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Spiritualism

Spiritualism
By 1853, when the popular song Spirit Rappings was published, Spiritualism was an object of intense curiosity. Spiritualism developed and reached its peak growth in membership from the 1840s to the 1920s, especially in English-speaking countries.[1][2] By 1897, it was said to have more than eight million followers in the United States and Europe,[3] mostly drawn from the middle and upper classes. The religion flourished for a half century without canonical texts or formal organization, attaining cohesion through periodicals, tours by trance lecturers, camp meetings, and the missionary activities of accomplished mediums. Beliefs[edit] Although various Spiritualist traditions have their own beliefs, known as Principles, there are some shared concepts:[citation needed] Mediumship and spirits[edit] Spiritualists believe in communicating with the spirits of discarnate humans. Compared with other religions[edit] Christian Protestantism Judaism Islam Spiritism Occult Origins[edit]

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Spirituality The term "spirituality" lacks a definitive definition, although social scientists have defined spirituality as the search for "the sacred," where "the sacred" is broadly defined as that which is set apart from the ordinary and worthy of veneration. Definition[edit] There is no single, widely-agreed definition of spirituality.[note 1] Social scientists have defined spirituality as the search for the sacred, for that which is set apart from the ordinary and worthy of veneration, "a transcendent dimension within human experience...discovered in moments in which the individual questions the meaning of personal existence and attempts to place the self within a broader ontological context." According to Waaijman, the traditional meaning of spirituality is a process of re-formation which "aims to recover the original shape of man, the image of God. Waaijman points out that "spirituality" is only one term of a range of words which denote the praxis of spirituality.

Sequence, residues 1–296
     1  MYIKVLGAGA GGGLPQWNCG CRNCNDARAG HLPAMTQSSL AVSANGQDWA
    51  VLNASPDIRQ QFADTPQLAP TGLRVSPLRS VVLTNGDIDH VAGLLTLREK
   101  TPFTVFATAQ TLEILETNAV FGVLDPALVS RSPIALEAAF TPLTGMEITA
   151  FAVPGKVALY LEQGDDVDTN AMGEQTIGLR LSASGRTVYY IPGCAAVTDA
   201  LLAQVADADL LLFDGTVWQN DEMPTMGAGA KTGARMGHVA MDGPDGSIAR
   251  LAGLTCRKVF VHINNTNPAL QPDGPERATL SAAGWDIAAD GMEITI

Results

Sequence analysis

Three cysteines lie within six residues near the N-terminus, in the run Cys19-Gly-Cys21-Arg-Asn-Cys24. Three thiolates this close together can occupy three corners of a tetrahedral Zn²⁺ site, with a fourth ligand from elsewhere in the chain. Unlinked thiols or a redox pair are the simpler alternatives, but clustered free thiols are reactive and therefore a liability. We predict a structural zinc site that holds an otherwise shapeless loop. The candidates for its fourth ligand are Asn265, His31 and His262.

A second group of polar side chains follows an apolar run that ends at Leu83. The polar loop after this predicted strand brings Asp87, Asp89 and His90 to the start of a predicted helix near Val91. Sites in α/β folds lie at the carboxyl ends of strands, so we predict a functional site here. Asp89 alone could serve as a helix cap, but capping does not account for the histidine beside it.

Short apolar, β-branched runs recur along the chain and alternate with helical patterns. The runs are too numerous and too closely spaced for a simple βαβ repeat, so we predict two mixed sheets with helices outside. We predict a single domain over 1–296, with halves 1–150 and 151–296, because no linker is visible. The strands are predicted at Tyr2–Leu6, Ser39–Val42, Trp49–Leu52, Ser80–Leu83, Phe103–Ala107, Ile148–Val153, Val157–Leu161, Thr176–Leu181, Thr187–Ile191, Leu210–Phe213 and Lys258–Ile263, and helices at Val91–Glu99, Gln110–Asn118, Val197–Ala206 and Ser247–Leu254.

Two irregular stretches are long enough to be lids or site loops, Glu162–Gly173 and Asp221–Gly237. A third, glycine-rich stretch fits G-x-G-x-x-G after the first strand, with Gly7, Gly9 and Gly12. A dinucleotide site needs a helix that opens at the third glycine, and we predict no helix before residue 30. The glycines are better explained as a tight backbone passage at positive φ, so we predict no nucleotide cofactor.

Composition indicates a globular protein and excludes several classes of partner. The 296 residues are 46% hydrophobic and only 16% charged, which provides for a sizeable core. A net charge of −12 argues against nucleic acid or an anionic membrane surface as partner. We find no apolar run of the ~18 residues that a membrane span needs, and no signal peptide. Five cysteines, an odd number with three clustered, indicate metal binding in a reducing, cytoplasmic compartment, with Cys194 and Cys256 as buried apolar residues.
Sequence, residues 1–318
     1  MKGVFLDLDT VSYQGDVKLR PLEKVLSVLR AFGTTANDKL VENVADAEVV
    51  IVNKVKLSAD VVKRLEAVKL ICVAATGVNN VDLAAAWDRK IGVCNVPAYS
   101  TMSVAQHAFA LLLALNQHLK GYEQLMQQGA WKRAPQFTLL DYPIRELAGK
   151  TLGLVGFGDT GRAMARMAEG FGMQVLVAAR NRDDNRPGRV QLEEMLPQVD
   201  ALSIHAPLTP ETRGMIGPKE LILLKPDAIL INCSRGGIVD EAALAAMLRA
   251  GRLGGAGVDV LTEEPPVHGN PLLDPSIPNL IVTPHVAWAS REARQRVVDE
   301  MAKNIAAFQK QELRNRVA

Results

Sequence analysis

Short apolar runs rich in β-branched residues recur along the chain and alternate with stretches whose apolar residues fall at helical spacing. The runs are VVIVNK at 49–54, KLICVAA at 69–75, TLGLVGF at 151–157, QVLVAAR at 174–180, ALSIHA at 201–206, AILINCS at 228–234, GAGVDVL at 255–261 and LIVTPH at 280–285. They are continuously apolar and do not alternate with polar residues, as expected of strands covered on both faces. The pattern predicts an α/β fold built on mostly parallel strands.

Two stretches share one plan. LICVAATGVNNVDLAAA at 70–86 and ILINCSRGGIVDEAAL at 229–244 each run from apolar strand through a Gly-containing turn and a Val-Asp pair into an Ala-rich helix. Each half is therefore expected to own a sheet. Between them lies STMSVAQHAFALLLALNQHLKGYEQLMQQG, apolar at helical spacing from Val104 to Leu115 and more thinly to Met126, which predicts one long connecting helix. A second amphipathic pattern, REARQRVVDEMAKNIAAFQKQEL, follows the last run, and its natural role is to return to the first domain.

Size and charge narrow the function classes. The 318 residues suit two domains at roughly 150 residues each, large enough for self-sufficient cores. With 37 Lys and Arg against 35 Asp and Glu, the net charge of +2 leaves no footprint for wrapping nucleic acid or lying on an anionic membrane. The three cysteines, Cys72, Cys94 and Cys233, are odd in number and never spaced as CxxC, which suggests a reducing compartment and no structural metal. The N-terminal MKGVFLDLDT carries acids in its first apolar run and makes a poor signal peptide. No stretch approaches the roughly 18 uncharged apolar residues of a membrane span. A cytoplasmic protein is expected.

The World's Sixteen Crucified Saviors The World's Sixteen Crucified Saviors (1875) The World's Sixteen Crucified Saviors (or Christianity Before Christ) is an 1875 book written by Kersey Graves. It asserts that Jesus was not an actual person, but was a creation largely based on earlier stories of deities or god-men saviours who had been crucified, and descended to and ascended from the underworld. Parts were the reprinted in The Book Your Church Doesn't Want You to Read edited by Tim C. Leedom in 1994, and was republished in its entirety in 2001. Atheist activist Madelyn Murray O'Hair was a fan of the book.

THE FOX SISTERSThe Rise & Fall of Spiritualism's Founders In 1888, Maggie made the infamous appearance when she denounced Spiritualism as a total sham. The years of alcohol abuse, loneliness and grief had taken their toll on her and she weighed the idea of committing suicide before finally choosing confession instead. She booked the stage at the New York Academy of Music and walked out on stage to announce she and Kate had created the strange rappings heard in their Hydesville home by simply cracking their toes. She also stated that Leah had forced them into performing as mediums for the public. "I have seen so much miserable deception," she reportedly said. "That is why I am willing to state that Spiritualism is a fraud of the worst description."